And often conveniently forgotten before bed. After after-dinner ultra-processed food snacks, or ice cream, Doritos or candy.
Makes it hard for good stuff to go on in there when it’s fighting cavity-causing bacteria that fluoride helps make life a little difficult, but it’s no super power against instilling a poor hygiene routine. Superman can only pull on his undies so many times before the elastic goes. Dental’s expensive, yes: it’s less expensive when it’s routine. Because when it’s routine, it’s maintenance not repair. We know that that’s where the big bucks are.
So don’t do it to yourself and don’t do it to your kids by not realising until right now, the value of valuing your teeth. Each one is connected to a part of the brain, and areas of the body.
Betcha didn’t know that. Something amazing to tell a kid.
Fresh foods go in to achieve balanced nutrition, good sleep, good times, easier schooling and better energy. Fast foods go in to achieve an environment for even more fast food, sugar, sleeplessness, difficulty at school and more chance of joining the horrendous statistics of diabetes.
I reckon a kid’s more interested in knowing about that, than colouring in a toothbrush. Children like stories. “Brush, Floss, Smile” isn’t even a sentence. It may have a happy ending, but where’s the journey? The beginning’s brushed over with a bit of floss in the middle.
How’s that for something to remember and adventure to in the night-mind or daydream daze of a kid? It just isn’t. It isn’t something for a kid to think and follow and laugh about, and offer alternative endings.
Kids smile anyway. They don’t think about it – at all. It’s automatic. And humbling if they’ve gone down the road of laughing where adults fear to tread.
How does an annual, national campaign become so dull? Is it because no-one’s interested anymore, or has just squeezed the last of anything of interest?
At 82, is it taking its last bites?
It certainly shouldn’t be. It’s gums are healthy and its teeth intact and cavity-free. There has been the odd inflammation, but completely treatable in their early stages. There have been decades of regular check-ups; a not entirely faultless record, but at its worst once a year. They are teeth that have been gently and regularly cleaned thousands of times – a testament to the incredible construction of dental enamel. Probably eighty or so of those cleans have been professional, and they’ve been x-rayed a few times. The jawbone has suffered only the bone loss to be expected of an active octogenarian in good physical shape, rather than the extensive and shape-altering loss from missing teeth and bad dentures.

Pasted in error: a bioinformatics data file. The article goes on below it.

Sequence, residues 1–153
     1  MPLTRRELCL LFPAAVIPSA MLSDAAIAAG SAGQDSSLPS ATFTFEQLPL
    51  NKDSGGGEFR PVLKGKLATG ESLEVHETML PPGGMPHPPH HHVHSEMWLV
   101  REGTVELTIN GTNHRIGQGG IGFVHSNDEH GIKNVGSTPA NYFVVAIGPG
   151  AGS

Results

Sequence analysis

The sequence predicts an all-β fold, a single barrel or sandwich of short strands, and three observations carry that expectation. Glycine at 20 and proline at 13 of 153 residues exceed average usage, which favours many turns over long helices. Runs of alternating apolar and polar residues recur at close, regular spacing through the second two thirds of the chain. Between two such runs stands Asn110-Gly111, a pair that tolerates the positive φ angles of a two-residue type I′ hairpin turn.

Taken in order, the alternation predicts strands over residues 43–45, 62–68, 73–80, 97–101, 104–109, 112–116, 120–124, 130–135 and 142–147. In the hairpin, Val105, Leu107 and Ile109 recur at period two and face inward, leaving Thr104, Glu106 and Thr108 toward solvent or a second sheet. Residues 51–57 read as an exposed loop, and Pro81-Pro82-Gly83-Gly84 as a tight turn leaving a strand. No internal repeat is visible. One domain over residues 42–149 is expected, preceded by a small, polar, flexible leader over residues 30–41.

These are the stories of their future that kids want to know. Not “Brush, Floss, Smile”. They brush because parents make them. They brush properly because parents dedicate the tedious time to teach them that, and then more tedious time supervising.
Floss. No-one flosses, a kid probably can’t and without a junk food diet, brushing well would probably do the trick. Certainly your dentist can advise about that during that six-monthly check-up that maybe hasn’t happened for a while.
Smile? Try stopping a kid. You could bore them to death with the standard NCDHM campaign. Or you can just use it as a reminder to brush up on your dedication to a lifetime of good oral health for your children, any mistake you may feel you’ve made until is just floss, and smile at the courage it took to make it your own.
That’s the kinda story a kid wants to hear. How everything can be adapted to have the experience you want from it. No matter what’s presented, no matter what someone else thinks is great.
Great health is great. Great oral health is the thing that makes great health great. Without it, overall, your health can never be that great.
That’s a great narrative for a kid. Weave in the Roman baths, and an invisible yet traceable thread from each tooth to a body part. Knit into your yarn fit and friendly old folk, with clear annunciation, able to eat whatever they like, laughing and smiling because their teeth aren’t bolted into their jaw or making one curious clank in a cup each night. Tell ‘em about the Tiber ‘cause they’ll think you said “the tiger” so tell them about one of those that maybe talks.
Brush up on your spontaneous story-telling skills. Don’t waste them on your dentist. He has tales of the future straight from your child’s mouth.
Note: All content and media on the Sunbury Dental House website and social media channels are created and published online for informational purposes only. It is not intended to be a substitute for professional medical advice and should not be relied on as health or personal advice.